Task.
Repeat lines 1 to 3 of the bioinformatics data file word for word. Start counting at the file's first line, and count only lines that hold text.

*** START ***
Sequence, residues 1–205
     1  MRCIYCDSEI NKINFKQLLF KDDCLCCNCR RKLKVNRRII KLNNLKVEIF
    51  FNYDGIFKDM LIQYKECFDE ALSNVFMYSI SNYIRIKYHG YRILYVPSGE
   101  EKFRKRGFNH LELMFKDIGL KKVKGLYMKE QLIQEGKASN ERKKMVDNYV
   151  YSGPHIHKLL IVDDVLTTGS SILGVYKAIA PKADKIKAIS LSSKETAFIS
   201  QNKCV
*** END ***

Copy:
Sequence, residues 1–205
     1  MRCIYCDSEI NKINFKQLLF KDDCLCCNCR RKLKVNRRII KLNNLKVEIF
    51  FNYDGIFKDM LIQYKECFDE ALSNVFMYSI SNYIRIKYHG YRILYVPSGE